Student loans have a number of big problems that Congress is trying to address with new legislation.  
First, the obligation is for life – it is the only consumer debt that is not dischargeable in bankruptcy. 

Second, the repayment options are confusing and there are no incentives for employers to participate by providing a benefit – limiting borrower options to earning more during a period of wage and earnings stagnation. 

Third, debt forgiveness programs (i.e. Public Loan Forgiveness) have not been honored in more than 99% of cases and also come with unrealistic time horizons of 10-years that are too long to be meaningful for most in the current career environment. 

Several new proposals have been presented to solve the problem.

Making Student Loans Dischargeable in Bankruptcy

Perhaps the most exciting new development is the “Student Borrower Bankruptcy Relief Act of 2019.” The Act would eliminate the section of the bankruptcy code that makes private and federal student loans nondischargeable, allowing these loans to be treated like nearly all other forms of consumer debt.

The American Bankruptcy Institute’s Commission on Consumer Bankruptcy does not favor an unlimited discharge of all student loan debt being made available to all borrowers. See Pg. 1.  The Bankruptcy Bar instead recommends returning to the prior 7-year bar on discharge and exempting federal student loans (90% of the total) from discharge. This is a much more restrictive and virtually toothless view on student loan debt relief than that proposed in the Student Borrower Bankruptcy Relief Act. The Bankruptcy Relief Act would do much more and would reverse the course of modern student loan discharge law, that offers relief to almost no one.

Under the three-part Brunner test borrowers presently can only discharge student loans in bankruptcy for “undue hardship” which is a notoriously high bar that generally only applies if there is “no possibility” you could ever earn enough to discharge the loan (i.e., you are a paralyzed and bedridden and cannot work and have astronomically high medical bills to boot). Being underemployed or underpaid to the extent that it would take 60 or 70-years of full-time work 7-days a week at your normal hourly wage to pay down the student loan would not be enough to qualify.

Making student loans dischargeable would make it so those with astronomical loans would not be subject to a life sentence and would provide other borrowers some modicum of leverage to negotiate fair workouts.  However, the fact that most loans are handled by the federal government still means that the prospects for meaningful negotiation would be limited.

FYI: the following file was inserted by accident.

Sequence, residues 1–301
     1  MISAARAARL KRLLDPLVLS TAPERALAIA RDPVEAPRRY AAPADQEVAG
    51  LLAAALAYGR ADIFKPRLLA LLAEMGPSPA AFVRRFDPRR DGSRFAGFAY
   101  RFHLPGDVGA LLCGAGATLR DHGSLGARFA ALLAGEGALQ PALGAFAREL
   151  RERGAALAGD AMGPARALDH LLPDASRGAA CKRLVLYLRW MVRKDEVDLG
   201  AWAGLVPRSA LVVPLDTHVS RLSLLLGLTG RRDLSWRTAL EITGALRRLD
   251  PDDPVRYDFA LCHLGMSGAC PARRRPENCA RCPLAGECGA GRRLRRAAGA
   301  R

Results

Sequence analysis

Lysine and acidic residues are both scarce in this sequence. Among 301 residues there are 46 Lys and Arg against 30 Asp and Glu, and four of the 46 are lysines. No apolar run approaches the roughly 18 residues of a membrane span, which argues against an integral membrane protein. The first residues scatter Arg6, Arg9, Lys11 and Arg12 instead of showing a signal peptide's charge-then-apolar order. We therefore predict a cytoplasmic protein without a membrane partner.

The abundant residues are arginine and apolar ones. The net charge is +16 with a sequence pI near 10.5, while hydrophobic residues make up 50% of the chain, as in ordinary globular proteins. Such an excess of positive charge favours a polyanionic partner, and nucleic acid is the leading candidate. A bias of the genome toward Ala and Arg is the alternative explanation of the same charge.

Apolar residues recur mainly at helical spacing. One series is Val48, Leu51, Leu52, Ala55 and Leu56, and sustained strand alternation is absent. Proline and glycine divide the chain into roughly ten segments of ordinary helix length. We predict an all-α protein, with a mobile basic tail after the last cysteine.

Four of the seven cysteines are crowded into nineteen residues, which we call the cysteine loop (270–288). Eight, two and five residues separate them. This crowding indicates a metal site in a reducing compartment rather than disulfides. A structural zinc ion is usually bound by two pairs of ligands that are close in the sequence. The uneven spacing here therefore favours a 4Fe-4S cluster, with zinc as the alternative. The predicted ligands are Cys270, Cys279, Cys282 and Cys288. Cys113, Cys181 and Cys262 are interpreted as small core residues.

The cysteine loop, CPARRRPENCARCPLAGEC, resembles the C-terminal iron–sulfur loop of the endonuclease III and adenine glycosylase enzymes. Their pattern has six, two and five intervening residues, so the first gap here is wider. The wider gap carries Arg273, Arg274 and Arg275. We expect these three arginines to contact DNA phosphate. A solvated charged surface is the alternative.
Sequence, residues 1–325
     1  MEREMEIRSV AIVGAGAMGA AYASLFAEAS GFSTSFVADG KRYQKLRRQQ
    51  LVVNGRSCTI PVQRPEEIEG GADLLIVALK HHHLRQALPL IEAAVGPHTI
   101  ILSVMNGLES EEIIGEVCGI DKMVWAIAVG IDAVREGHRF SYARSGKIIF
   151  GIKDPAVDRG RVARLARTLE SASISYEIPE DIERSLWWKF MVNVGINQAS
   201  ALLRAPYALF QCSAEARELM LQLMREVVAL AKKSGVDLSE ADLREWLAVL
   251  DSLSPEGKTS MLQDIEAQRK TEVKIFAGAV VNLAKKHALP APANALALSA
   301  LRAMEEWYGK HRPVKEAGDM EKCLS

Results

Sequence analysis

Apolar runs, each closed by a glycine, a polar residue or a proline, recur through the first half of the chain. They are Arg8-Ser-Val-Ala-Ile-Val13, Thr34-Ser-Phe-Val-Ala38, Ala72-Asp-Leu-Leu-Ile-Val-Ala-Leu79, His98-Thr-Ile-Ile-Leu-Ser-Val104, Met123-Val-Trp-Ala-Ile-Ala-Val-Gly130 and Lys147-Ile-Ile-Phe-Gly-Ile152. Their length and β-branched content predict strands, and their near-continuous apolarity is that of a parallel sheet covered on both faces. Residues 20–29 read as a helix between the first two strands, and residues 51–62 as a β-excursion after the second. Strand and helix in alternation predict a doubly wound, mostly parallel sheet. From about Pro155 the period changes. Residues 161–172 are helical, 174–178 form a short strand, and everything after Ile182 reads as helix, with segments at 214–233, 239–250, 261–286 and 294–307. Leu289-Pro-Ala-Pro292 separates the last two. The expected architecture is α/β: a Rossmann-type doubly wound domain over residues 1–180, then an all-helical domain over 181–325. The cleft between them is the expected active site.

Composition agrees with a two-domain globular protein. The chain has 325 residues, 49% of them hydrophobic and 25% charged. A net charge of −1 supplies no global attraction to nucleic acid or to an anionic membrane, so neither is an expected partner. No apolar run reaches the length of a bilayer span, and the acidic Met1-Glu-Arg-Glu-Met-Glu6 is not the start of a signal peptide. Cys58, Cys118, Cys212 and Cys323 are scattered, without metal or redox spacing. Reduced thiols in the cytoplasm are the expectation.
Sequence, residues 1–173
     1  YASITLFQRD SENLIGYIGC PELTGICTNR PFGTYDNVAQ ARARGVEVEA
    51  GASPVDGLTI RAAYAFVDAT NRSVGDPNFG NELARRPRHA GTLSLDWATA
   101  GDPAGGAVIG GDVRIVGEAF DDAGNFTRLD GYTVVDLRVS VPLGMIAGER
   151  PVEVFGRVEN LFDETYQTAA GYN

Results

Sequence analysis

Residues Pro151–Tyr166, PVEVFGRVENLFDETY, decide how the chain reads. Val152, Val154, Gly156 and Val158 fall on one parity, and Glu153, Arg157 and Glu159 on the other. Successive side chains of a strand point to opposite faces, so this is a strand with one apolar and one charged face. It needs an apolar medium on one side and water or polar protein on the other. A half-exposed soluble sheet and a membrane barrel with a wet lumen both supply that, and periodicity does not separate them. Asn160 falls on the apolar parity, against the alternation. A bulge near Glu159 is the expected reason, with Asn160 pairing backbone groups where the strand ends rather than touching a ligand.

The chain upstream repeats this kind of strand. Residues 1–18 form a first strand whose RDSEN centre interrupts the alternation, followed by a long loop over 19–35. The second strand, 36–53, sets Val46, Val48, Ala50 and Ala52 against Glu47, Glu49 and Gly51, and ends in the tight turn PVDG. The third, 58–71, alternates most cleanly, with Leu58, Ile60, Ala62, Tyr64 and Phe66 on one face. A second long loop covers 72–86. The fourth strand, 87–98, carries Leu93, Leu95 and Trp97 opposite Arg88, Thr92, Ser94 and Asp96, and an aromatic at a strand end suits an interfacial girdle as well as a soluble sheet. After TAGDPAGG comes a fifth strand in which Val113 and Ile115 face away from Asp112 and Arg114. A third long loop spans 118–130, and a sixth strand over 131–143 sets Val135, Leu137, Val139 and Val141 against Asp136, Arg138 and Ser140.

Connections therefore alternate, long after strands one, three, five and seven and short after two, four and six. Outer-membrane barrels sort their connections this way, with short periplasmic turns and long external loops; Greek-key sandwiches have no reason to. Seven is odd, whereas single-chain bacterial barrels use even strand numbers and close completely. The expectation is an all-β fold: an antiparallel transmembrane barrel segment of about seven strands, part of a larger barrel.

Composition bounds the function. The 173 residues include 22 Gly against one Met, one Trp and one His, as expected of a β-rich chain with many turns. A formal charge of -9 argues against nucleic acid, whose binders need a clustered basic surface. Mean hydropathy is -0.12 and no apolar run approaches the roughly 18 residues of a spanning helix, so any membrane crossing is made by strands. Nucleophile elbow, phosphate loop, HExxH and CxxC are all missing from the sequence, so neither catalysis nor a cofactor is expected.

Allowing Employers to Pay Down $5,250 of Student Loan Debt Tax-Free

U.S. Sens. John Thune (R-S.D.) and Mark Warner (D-Va.) recently introduced legislation to help Americans tackle their student loan debt. The “Employer Participation in Repayment Act” would allow employers to contribute up to $5,250 tax-free to their employees’ student loans.

The Employer Education Assistance Program, as currently written, only provides assistance for workers who are seeking additional education. It does not extend to individuals who have already incurred student loan debt during their undergraduate or graduate studies.

While the employer-sponsorship model is promising, in conjunction with other reforms, I do not think it is wise to limit the benefit to only $5,250 of student loan payments, considering that for borrowers with larger debt loads (doctors, lawyers, engineers & scientists) this would limit the meaningfulness of the benefit for professional employers.

Revamping the Failed Public Service Loan Forgiveness Program

More recently, in view of the upcoming presidential election cycle, U.S. Senators Kirsten Gillibrand (D-NY) and Tim Kaine (D-VA) introduced a new bill, which would rework the current Public Service Loan Forgiveness program, which Trump’s recommendation is to eliminate entirely.

The false promises and confusing provisions of the existing law have erupted into one of the worst education scandals in modern times. education-public-service-loan-forgiveness-denial/2366589002/ 

"It’s clear that it’s not working and that public servants who thought they had a deal aren't getting the benefit of that deal," said Daniel Zibel, vice president of the National Student Legal Defense Network.

The program appears to be a scam. As of this writing, over 1,173,420 individuals have worked for 10-years in public service and applied for forgiveness. 55 of them received student loan forgiveness. The rest were denied for “not meeting plan requirements.” 

Pundits suggest that the government will continue to deny virtually all applicants on various technical grounds. The program is a farce given that only 5 out of every 100,000 eligible public servants who completes the 10-year program and applies actually receives forgiveness. 

The reality is that government subsidies are not free and our government is bankrupt, so no ordinary citizen should place any confidence in the government honoring a commitment to government expenditure – just as people who are broke don’t pay non-vital bills, a bankrupt government will not give out handouts for benefits and entitlements it simply cannot afford.